Wednesday, September 16, 2009

Jesus' Roman cross and the art of crucifixion

The historical significance of Jesus' mode of execution is a complicated matter. On the one hand, scholars (e.g., John Dominic Crossan) have emphasized the Roman-ness of crucifixion to distance the Jews/Jewish authorities from responsibility for Jesus' death. Luke's portrayal of Stephen's execution in Acts 7 stands in some contrast to the crucifixion narratives: Death by Jewish hands is administered by stoning. For that matter, John's gospel also makes references to stoning, whether of the adulterous woman (8.5, 7; admittedly questionable texts) or of Jesus himself (8.59; 10.31–33; 11.8). If Jews had been responsible for putting Jesus to death, they would not have nailed him to a cross. Since Jesus was crucified, he must have been executed by Roman authorities for Roman reasons. The gospels, then, set out to minimize Christianity's offense to Rome, so they paint the Jews as the real Christ-killers.

On the other hand, the ethnic affiliations of crucifixion as a means of execution don't seem as secure as this. For one thing, in the famous discussion of Jewish methods of capital punishment in the Talmud (b. Sanh. 43a), "Jesus the Nazarene" (the translation is Peter Schäfer's [Jesus in the Talmud; Princeton University Press, 2007]), the text says a herald went out forty days prior to Jesus' execution to announce that Jesus was to be stoned and to seek out witnesses for his defense. When none were found, Jesus "was hanged" (tela’uhu), which Schäfer interprets as the post-mortem demonstration of Jesus' body after he had been stoned. But Joseph Fitzmyer argues that the root תלה [tlh], at least in the DSS, refers to crucifixion ("Crucifixion in Ancient Palestine, Qumran Literature, and the New Testament" [CBQ 40 (1978): 502–7]). I don't think b. Sanh. 43a provides any historical information about Jesus' death; rather, it reflects ongoing debate (between Jesus' followers and other Jews) about Jesus' significance. The world(s) in which Talmudic traditions were formed was/were also inhabited by Christians proclaiming a crucified Christ, and I'm impressed that, in the midst of this proclamation, b. Sanh. 43a accepts Jesus' execution at Jewish hands (regardless of the precise referent of תלה).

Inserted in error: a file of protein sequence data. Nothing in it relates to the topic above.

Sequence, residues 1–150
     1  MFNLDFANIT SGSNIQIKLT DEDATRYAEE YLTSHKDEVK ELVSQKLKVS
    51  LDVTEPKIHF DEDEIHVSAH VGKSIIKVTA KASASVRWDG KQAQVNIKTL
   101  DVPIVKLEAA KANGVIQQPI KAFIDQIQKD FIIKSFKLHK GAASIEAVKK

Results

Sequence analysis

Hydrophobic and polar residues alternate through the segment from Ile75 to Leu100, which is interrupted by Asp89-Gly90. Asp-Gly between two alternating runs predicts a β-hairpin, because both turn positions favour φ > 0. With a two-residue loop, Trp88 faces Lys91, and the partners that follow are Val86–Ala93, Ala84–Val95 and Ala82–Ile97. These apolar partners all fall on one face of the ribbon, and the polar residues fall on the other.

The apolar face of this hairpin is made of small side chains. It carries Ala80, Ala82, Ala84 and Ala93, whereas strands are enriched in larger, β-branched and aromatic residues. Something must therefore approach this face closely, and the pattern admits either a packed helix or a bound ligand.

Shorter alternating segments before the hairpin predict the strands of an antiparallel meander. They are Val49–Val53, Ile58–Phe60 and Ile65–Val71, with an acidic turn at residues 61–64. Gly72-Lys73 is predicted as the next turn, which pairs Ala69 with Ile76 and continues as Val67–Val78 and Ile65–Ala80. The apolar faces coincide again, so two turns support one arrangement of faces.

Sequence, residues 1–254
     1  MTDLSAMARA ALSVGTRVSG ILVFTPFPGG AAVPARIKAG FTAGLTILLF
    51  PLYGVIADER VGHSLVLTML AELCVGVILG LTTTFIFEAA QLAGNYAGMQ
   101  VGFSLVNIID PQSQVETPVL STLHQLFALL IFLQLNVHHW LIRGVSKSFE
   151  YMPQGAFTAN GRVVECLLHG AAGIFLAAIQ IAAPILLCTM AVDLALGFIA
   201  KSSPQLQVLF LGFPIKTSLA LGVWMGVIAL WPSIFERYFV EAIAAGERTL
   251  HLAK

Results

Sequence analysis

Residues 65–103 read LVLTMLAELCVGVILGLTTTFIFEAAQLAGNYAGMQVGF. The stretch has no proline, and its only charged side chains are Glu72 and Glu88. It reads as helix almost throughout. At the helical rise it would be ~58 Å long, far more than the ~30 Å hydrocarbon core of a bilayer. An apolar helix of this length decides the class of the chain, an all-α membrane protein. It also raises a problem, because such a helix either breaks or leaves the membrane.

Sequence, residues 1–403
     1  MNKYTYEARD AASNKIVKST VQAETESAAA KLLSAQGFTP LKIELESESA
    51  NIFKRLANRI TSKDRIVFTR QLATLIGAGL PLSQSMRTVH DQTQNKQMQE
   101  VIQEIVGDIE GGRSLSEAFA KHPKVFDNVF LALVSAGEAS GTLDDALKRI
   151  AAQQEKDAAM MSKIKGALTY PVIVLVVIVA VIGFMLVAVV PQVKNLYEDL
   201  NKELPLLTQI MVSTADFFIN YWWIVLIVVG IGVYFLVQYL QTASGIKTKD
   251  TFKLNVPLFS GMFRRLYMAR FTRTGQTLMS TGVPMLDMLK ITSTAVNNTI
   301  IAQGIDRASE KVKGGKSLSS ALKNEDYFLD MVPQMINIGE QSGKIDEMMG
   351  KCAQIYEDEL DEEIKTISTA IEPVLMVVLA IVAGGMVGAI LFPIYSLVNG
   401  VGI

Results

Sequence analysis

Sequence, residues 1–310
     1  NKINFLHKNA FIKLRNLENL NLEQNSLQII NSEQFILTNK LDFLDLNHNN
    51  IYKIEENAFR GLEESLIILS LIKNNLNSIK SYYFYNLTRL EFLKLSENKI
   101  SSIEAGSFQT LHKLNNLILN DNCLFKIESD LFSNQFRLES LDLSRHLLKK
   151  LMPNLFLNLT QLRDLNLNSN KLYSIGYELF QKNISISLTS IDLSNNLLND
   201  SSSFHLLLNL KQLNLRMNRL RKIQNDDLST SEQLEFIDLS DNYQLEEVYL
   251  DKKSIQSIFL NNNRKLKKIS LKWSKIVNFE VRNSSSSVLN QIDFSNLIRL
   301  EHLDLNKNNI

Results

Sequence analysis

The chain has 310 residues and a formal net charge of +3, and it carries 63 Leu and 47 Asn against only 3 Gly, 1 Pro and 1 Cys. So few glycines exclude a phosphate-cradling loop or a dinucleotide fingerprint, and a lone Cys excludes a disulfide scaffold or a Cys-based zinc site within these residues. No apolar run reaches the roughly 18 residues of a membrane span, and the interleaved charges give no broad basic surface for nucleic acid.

An additional complication comes from a very well-known story from Josephus, who describes the Hasmonean king/high priest Alexander Jannaeus as crucifying 800 Jews while he enjoyed a meal with his concubines, and as the men hung on their crosses he slaughtered their wives and children in front of them (Ant. 13.380). Josephus describes this as "the cruelest act of all" [πάντων ὠμότατον ἔργον; pantōn ōmotaton ergon), a phrase which may suggest the scandal of a Jew administering crucifixion as a means of executing people of his own nation. But the story remains as evidence that crucifixion could function as a Jewish means of execution. And, again, Fitzmyer finds similar phenomena in 4QpNah and in the Temple Scroll.

In all of this, I would suggest that we cannot read the gospels' Passion Narratives as mitigating Roman responsibility for Jesus' crucifixion and foisting blame on the Jews and/or the Jewish leaders. Rather, the gospels rather clearly portray Pilate's role in Jesus' trial and execution (whether or not we accept the historicity of their portrayal), and I would suggest the gospels even portray Jesus' fate as the result of the political posturing of Pilate and the Jewish authorities. The Jewish leaders wanted Jesus executed while Pilate made it clear that he wasn't simply their instrument to achieve their goals. Jesus' crucifixion served both the Jewish leadership's and the Romans' interests, but Pilate also made sure reinforce the political order over which he had been appointed by the emperor. After all, even the titulus Pilate had hung over Jesus' head announced not only the charge against Jesus but also, by why of parody, Judea's subjection to Rome.

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